Later in the discussion, at around the 49:20 mark, they tackled a question about archaeology’s opposition to collecting, and was there some way to bridge the gap. Their response was pretty much a resounding NO! Apparently no one, except the archaeological community that is, can have a collection of anything historic, be it a relic or coin. Hmm, well, forgive my rudeness, but they can all kiss my ass! I will collect what I want, and yes, even sell what I want if I choose to, and do not need their approval to do it.
If you can’t sit still long enough to view the whole video at least watch the last part, starting at around the 45:15 mark. That will give you some idea of just where we stand with these folks. The fear that metal detecting would become a “legitimate hobby” and their unfavorable view of the PAS pretty much sums it up.
Perhaps down the road things will change, but it will not be in my lifetime. This online roundtable was nothing more than a “feel good” attempt at saying, “hey, we’re at least reaching out to you”, when it reality it was nothing more than an hour-long “we know better than you” promotional show. I will however leave you all to come to your own conclusions.
I know I will hear from those of you who say I am being unfair and being too negative. That’s fine. You are entitled to your opinions. I just have too many years under my belt trying to work with the archaeological community, and you can only piss in the wind so many times...
Finally, if they really wanted to reach out to us why do they charge for the Montpelier program? Seems they get paid, and get to use our expertise to further their goals. The participants? Well he or she pays $750 for four or five days, and that does not include meals or travel. That’s just not right.
Here’s hoping you can tear yourself away from that detecting forum to watch...
I’ve always been big on research and trying to make my trip out into the field more efficient time wise, but no one is better at it than my good friend Paul Tainter. Paul probably knows more about treasure than anyone else out there.He’s not only read about them, researched them and he’s hunted them. His library, or “man cave” if you will, is filled with books, manuscripts, magazines, microfiche and maps, much of it not available anywhere else….the kind of stuff you and I would drool over.
I first met Paul and his wife Joan back in the 80’s, when they owned Research Unlimited (formerly Exanimo), in Ames, Nebraska. They invited me to be part of Treasure Expo, an annual event that attracted the treasure hunting greats of the time. Needless to say I was honored. Treasure Expos were legendary, lots of fun and something you had to experience to appreciate.
I have stayed in touch with Paul and Joan over the years, and while both have retired, Paul still writes the “Treasure Hunter’s Express”, a quarterly newsletter, filled with stories, tips and useful information. When not in the field, or when winter snows come, you will find him in his library, books, pad and pencil at hand, and if his library doesn’t provide the answer he will turn to his treasure hunting friends, of which there are many. Old timers, seasoned and savvy when it comes to treasure hunting, who Paul, know what it takes to find the big one. Just don’t ask them about it.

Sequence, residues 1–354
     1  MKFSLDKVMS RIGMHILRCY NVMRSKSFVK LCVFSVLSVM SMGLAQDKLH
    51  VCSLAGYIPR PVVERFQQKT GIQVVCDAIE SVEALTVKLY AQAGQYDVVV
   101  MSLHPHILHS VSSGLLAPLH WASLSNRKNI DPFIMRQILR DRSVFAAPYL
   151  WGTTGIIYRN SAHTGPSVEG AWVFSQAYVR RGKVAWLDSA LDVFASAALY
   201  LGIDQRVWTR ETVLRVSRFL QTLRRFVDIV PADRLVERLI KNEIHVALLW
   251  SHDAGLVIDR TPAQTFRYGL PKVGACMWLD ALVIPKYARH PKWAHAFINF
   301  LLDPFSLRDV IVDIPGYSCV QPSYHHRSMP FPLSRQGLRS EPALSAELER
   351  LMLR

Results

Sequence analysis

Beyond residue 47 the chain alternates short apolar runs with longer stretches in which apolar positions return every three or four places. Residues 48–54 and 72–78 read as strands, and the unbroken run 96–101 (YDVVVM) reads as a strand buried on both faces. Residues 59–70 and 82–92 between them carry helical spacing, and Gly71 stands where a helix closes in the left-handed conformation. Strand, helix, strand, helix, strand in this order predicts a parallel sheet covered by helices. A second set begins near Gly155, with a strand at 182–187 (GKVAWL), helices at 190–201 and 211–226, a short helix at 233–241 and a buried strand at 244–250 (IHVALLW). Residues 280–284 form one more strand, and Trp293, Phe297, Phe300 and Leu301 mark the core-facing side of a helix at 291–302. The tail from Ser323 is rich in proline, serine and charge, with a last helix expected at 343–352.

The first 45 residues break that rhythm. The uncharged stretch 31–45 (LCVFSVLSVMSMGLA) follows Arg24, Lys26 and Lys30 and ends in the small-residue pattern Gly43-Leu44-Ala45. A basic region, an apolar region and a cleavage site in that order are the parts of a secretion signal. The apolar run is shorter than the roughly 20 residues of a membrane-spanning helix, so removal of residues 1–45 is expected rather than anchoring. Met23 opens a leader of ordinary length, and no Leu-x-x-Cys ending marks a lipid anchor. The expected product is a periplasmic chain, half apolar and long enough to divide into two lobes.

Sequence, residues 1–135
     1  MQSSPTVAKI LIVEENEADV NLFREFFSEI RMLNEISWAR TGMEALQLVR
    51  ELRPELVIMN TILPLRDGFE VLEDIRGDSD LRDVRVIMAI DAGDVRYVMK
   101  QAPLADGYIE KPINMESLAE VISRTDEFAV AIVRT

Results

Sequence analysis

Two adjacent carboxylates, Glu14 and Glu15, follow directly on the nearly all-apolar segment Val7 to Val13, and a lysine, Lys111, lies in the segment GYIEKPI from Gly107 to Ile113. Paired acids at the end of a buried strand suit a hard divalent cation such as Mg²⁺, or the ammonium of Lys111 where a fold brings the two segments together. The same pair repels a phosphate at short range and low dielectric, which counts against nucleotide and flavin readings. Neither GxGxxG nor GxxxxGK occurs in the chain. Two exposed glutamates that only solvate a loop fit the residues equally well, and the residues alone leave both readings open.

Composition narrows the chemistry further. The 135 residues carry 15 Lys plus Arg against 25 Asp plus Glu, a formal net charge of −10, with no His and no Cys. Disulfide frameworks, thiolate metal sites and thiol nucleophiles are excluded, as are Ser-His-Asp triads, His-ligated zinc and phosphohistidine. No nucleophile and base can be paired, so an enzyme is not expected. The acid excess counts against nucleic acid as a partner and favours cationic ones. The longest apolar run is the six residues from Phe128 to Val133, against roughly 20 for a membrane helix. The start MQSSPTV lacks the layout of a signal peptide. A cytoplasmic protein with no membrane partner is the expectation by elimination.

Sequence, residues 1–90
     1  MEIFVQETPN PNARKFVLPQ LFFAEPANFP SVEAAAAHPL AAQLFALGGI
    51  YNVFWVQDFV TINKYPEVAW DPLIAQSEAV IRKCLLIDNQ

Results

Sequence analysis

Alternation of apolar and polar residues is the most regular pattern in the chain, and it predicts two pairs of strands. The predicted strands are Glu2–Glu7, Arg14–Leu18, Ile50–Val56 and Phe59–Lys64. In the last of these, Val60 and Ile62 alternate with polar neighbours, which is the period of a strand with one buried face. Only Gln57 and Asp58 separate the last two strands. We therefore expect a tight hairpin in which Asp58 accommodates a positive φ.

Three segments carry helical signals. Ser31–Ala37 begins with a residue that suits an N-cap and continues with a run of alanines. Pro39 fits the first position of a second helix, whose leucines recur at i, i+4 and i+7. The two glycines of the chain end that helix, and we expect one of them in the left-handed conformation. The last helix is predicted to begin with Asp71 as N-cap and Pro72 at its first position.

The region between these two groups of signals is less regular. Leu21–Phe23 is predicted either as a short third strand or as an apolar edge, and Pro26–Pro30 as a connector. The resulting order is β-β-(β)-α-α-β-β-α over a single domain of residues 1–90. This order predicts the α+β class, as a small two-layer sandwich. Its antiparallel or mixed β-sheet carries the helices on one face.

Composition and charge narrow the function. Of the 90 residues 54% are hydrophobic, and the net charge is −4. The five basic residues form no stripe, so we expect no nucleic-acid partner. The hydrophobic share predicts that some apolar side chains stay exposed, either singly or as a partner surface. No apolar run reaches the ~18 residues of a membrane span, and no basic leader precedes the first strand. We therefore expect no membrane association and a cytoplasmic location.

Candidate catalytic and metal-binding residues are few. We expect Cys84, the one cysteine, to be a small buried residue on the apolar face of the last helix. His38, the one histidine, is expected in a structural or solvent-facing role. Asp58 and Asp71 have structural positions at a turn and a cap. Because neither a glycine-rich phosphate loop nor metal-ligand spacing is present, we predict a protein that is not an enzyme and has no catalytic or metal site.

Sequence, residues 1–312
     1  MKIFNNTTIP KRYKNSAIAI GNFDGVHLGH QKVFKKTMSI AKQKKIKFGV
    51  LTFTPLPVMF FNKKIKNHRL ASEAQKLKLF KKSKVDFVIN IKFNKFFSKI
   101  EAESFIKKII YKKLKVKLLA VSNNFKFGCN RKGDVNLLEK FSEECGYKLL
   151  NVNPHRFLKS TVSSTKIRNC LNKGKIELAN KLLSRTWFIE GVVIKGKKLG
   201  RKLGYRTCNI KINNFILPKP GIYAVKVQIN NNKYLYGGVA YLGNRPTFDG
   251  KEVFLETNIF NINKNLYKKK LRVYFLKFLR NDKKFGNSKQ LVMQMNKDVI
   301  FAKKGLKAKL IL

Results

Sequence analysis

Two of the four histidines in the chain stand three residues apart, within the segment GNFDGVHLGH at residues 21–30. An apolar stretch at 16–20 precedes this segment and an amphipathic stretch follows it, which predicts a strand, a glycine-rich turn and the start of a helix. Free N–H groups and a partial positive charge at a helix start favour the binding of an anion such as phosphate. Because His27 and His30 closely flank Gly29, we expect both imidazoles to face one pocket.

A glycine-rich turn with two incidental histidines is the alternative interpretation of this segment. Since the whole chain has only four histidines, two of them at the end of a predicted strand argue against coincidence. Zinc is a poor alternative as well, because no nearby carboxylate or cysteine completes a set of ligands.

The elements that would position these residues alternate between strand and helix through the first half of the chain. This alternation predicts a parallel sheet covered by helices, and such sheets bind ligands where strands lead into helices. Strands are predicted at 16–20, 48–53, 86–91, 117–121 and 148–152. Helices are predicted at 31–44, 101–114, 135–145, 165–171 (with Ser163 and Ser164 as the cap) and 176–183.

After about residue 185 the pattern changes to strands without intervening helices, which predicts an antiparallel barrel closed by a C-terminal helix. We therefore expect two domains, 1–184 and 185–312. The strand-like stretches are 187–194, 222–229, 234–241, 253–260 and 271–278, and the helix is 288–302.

I know there are still a lot of older TH’ers out there who know Paul or at least remember the Exanimo Express newspaper and Treasure Hunter’s Express. While the new version is smaller, it still offers a lot of great reading and food for thought. I miss a lot of what happened early on in this pastime, but Paul doesn’t let me forget thanks to his quarterly newsletter. The latest issue also features a guest article “The Cache Hunter” by Missouri Nick.
The Treasure Hunter’s Express is published quarterly and costs $20 per year. If you like, Paul will send you a sample issue for $3. For more information email Paul at firstname.lastname@example.org or write him to at Treasure Trove Archives, 335 North William Avenue, Fremont, Nebraska 68025
No matter those of you who think you know all about metal detecting/treasure hunting, the groundwork was laid by people like Paul Tainter, and I am proud to be his friend
I saw this article yesterday and had to laugh. I love the idea that archaeologists are upset over having competition! I say bring it on!
I want to follow up on John's "For Whom The Bell Tolls" post and the comments that ensued on the blog...
I am often taken to task for my constant criticism of the three “so-called” national organizations for our pastime and I would like to try to explain why I do it...
First off they are not “national” organizations at all. The Task Force and the FMDAC are primarily East Coast groups. WWATS, if they are still a group at all, is primarily a South/Southwestern organization. I am sure they will all plead otherwise but nothing they or you say will convince me otherwise.
All three have a problem communicating, with us and most definitely with each other. Visit their websites. The Task Force and the FMDAC? Not a word for six months. WWATS? You will be hard pressed to find anything newer than 2013. These groups can’t find the time to say Merry Christmas or ‘boogity boogity’, yet we are supposed to have faith that they are out there fighting for us. Really?